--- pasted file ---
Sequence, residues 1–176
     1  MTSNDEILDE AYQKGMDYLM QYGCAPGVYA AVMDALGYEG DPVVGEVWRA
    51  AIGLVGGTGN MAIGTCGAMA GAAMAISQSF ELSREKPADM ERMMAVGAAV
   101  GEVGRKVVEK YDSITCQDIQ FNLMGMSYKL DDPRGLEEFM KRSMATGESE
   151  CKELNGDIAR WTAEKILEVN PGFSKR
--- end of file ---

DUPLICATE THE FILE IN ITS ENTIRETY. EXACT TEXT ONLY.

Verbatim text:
Sequence, residues 1–176
     1  MTSNDEILDE AYQKGMDYLM QYGCAPGVYA AVMDALGYEG DPVVGEVWRA
    51  AIGLVGGTGN MAIGTCGAMA GAAMAISQSF ELSREKPADM ERMMAVGAAV
   101  GEVGRKVVEK YDSITCQDIQ FNLMGMSYKL DDPRGLEEFM KRSMATGESE
   151  CKELNGDIAR WTAEKILEVN PGFSKR